Picture this: A program achieves PSC certification with a medical director and stroke coordinator leading the charge.  The work is challenging but manageable, and the stroke committee meets once monthly to review data and any operational issues that must be addressed. The program grows over time in-patient volume and complexity, physician providers are added to offer additional services and the stroke program leadership adds a data analyst.  But most of the work holding the stroke program together (e.g. data collection and quality improvement (QI) initiatives, staff education, process management) continues to be owned by the coordinator and medical director. The program then launches a bid to become CSC certified.

CSC Certified – Creating A Sustainable Comprehensive Stroke Center

This is the moment of compression: the work of managing the program must be redistributed in order to create a sustainable CSC.  This isn’t just a problem plaguing programs looking to become CSC certified. Many existing CSC are struggling with sustainability and recertification because they didn’t navigate this transition well. There are several characteristics of organizations that have created a sustainable CSC model:

  • Physician leadership – While a PSC can thrive with one medical director, a CSC needs strong physician leadership from multiple areas, including vascular neurology, neurosurgery, neuroradiology, neurocritical care and the emergency department. One could argue the need to also have physician champions for the stroke program in vascular surgery and outpatient clinics as well. Whether this takes the form of several program medical directors or some other way to recognize their leadership, a strong alliance is necessary to distribute workload and coordinate services.
  • Data management – CSCs are required to manage many more data points and QI initiatives than a PSC, and this work flows best when the CSC is supported by the organization’s PI or Quality Department. Often, multiple sub-committees or task forces are needed to manage QI initiatives and report up to program leadership. And individual units may need to take on the responsibility of managing its own QI data and reporting back to program leadership. Units must also accept the responsibility of implementing initiatives and disseminating the ongoing results of QI work to their staff. The CSC stroke coordinator and medical directors should be overseeing high-level QI initiatives, not immersed in data collection and results dissemination.
  • Education – While the Stroke Coordinator at a PSC may be responsible for nursing and patient education, this model is not sustainable at a CSC. Similar to data management, CSCs function best when they shift the work of nursing education back to the unit leadership. While program leadership may help to guide the topics needed for education, individual units should work to conduct a needs assessment, own the content and educate their staff on stroke care.

Those programs that rearrange workflow and accountabilities are best prepared for TSC and CSC certification, recertification and/or building a sustainable program.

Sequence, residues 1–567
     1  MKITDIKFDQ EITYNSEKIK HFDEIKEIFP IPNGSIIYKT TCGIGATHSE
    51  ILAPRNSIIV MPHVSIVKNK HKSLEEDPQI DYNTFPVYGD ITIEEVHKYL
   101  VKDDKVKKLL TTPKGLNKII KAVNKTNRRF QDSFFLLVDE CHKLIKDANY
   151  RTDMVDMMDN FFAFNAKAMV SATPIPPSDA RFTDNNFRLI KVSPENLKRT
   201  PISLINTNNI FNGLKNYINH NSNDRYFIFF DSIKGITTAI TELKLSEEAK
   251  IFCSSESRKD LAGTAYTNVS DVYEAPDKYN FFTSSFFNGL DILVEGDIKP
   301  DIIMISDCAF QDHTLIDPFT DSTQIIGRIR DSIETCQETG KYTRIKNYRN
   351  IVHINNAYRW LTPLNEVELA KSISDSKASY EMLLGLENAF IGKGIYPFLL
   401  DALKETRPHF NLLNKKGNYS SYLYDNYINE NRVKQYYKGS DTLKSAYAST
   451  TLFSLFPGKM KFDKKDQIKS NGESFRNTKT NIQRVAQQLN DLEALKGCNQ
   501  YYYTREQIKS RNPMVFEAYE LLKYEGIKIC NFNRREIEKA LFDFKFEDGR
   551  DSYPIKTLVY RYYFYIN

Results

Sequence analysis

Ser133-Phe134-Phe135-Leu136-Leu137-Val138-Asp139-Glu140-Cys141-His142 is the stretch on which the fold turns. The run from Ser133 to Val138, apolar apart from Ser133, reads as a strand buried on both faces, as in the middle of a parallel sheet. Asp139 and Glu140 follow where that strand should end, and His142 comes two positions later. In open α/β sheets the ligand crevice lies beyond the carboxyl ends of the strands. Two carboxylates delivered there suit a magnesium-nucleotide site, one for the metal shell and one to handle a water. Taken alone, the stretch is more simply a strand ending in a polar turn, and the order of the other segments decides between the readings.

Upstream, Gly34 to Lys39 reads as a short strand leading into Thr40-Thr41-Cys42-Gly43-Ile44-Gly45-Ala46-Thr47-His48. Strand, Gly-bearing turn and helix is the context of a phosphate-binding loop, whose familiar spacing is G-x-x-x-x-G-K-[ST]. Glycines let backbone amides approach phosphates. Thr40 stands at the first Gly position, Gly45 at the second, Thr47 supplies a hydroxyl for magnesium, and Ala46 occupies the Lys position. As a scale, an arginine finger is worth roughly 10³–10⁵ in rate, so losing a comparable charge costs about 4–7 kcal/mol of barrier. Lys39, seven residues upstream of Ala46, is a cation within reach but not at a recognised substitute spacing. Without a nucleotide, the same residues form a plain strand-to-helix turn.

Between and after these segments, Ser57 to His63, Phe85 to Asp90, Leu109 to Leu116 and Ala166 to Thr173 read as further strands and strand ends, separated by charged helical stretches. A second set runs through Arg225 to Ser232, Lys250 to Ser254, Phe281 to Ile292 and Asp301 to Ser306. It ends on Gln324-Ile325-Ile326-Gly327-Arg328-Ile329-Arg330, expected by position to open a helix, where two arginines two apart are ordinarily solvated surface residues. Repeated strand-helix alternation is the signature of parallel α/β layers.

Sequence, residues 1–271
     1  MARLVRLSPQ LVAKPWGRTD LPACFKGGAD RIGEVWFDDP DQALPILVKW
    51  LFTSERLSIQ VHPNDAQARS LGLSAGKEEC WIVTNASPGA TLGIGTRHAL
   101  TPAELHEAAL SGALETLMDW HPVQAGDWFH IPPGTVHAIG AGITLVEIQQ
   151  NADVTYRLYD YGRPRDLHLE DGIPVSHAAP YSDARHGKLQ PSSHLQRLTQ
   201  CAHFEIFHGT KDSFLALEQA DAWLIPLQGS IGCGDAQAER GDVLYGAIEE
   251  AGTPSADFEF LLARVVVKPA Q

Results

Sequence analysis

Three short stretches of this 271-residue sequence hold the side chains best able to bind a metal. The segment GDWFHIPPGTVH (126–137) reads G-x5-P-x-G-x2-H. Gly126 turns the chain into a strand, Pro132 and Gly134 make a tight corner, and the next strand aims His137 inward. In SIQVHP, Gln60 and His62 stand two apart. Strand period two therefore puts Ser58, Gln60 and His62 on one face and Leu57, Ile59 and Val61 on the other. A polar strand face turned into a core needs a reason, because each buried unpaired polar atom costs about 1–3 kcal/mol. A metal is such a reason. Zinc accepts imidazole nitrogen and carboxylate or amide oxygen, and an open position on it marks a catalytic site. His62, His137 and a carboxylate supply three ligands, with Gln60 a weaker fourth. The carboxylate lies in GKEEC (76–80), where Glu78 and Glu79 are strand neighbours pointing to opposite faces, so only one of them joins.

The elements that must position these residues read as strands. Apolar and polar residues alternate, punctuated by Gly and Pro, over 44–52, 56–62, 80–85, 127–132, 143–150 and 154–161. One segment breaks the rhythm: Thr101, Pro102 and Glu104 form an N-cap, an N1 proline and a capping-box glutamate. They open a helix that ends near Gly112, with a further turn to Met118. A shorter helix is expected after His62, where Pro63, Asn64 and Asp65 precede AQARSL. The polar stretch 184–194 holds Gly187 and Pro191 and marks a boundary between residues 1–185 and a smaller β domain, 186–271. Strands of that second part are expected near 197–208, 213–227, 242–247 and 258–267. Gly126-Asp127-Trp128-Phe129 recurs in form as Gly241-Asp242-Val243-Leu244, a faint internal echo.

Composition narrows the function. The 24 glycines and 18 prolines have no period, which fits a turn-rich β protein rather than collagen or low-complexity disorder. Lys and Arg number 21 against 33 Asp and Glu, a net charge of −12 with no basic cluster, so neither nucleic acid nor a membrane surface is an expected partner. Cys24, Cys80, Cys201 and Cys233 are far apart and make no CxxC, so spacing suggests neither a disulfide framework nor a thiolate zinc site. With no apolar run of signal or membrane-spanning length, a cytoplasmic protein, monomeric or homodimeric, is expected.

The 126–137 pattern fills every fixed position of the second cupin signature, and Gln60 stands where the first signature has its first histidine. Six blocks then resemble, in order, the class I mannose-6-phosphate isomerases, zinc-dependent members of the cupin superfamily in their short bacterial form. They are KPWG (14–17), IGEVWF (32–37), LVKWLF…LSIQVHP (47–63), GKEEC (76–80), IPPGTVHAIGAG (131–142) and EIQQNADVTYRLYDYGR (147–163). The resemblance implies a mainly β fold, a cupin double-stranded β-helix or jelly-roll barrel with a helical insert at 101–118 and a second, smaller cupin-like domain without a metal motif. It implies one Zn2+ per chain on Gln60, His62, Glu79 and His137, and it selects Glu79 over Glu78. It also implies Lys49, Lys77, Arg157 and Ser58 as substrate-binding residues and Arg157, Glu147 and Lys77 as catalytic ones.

Are Medicare Bundled Payments for Stroke Coming to Your Hospital?

It’s likely that the majority of your stroke patients are covered by Medicare so you should be aware that, in 2019, hospitals are going to be offered an advanced Medicare “bundled” payment model for stroke.

Medicare bundled payments represent a single payment (usually to the hospital) for services provided during an episode of care for a defined period of time. In this payment model for stroke, Medicare pays the hospital one “bundled” payment which includes payment for hospital, physician and rehabilitation services. It is up to the hospital to pay physicians and rehabilitation facilities for their services.

Medicare uses their claims database to find areas where there is unexplained variation in patient level cost across hospitals. They identify types of care and more specifically, episodes of care where they feel there is opportunity, given the right incentives, to reduce variation, reduce cost and improve quality of care.

While stroke has been one of 48 episodes of care offered to hospitals for several years, few hospitals have chosen stroke for bundled payments. But that may change.

bundled payments for care improvementBundled Payments for Care Improvement

Stroke represents a hyper-acute stage of hospital care followed by a transition to rehabilitation or skilled nursing home and, with more tightly coordinated care in certified stroke centers, stroke may be viewed as an ideal episode of care for bundled payments.

With prompt diagnosis and treatment, adoption of evidenced-base protocols, more longitudinal coordination of care and improved patient outcomes, more hospitals may be interested in the financial incentives offered in the new advanced bundled payment model for stroke.

If you work with your revenue management (or hospital reimbursement) team, with some analysis of the cost of different types of stroke in your hospital, you may be the one to advocate for (or perhaps, against) bundled payments for stroke for your hospital.



Washington Health Alliance. Hospital sticker shock: A report on hospital price variation in Washington state.

Luengo-Fernandez R, Gray AM, Rothwell PM. Costs of stroke using patient-level data: a critical review of the literature. Stroke. 2009;40: e18–e23. doi: 10.1161/STROKEAHA.108.529776.

Miller DC, Gust C, Dimick JB, Birkmeyer N, Skinner J, Birkmeyer, Large variations in Medicare payments for surgery highlight savings potential from bundled payment programs. Health Aff (Millwood). 2011;30:2107–2115. doi: 10.1377/hlthaff.2011.0783.

Newhouse JP, Garber A, Graham RP. Interim Report of the Committee on Geographic Variation in Health Care Spending and Promotion of High-Value Health Care: Preliminary Committee Observations. Washington, DC: The National Academies Press; 2013.